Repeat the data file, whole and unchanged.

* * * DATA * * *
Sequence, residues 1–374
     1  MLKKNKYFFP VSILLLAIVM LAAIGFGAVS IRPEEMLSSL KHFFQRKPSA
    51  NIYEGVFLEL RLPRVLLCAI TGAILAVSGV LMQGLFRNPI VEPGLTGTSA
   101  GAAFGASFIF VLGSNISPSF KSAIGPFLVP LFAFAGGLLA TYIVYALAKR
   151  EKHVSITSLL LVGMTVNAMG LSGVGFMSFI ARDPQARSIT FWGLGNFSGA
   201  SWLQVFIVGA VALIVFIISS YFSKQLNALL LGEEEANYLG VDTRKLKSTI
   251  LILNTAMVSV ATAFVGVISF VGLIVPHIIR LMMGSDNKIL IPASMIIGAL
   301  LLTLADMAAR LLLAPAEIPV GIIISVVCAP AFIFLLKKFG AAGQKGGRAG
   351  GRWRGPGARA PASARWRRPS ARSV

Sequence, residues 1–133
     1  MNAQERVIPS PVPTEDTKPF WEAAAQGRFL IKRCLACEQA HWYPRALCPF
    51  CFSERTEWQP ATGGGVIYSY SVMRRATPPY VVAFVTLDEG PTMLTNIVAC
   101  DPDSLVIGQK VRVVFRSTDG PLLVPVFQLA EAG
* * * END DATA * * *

Sequence, residues 1–374
     1  MLKKNKYFFP VSILLLAIVM LAAIGFGAVS IRPEEMLSSL KHFFQRKPSA
    51  NIYEGVFLEL RLPRVLLCAI TGAILAVSGV LMQGLFRNPI VEPGLTGTSA
   101  GAAFGASFIF VLGSNISPSF KSAIGPFLVP LFAFAGGLLA TYIVYALAKR
   151  EKHVSITSLL LVGMTVNAMG LSGVGFMSFI ARDPQARSIT FWGLGNFSGA
   201  SWLQVFIVGA VALIVFIISS YFSKQLNALL LGEEEANYLG VDTRKLKSTI
   251  LILNTAMVSV ATAFVGVISF VGLIVPHIIR LMMGSDNKIL IPASMIIGAL
   301  LLTLADMAAR LLLAPAEIPV GIIISVVCAP AFIFLLKKFG AAGQKGGRAG
   351  GRWRGPGARA PASARWRRPS ARSV

Sequence, residues 1–133
     1  MNAQERVIPS PVPTEDTKPF WEAAAQGRFL IKRCLACEQA HWYPRALCPF
    51  CFSERTEWQP ATGGGVIYSY SVMRRATPPY VVAFVTLDEG PTMLTNIVAC
   101  DPDSLVIGQK VRVVFRSTDG PLLVPVFQLA EAG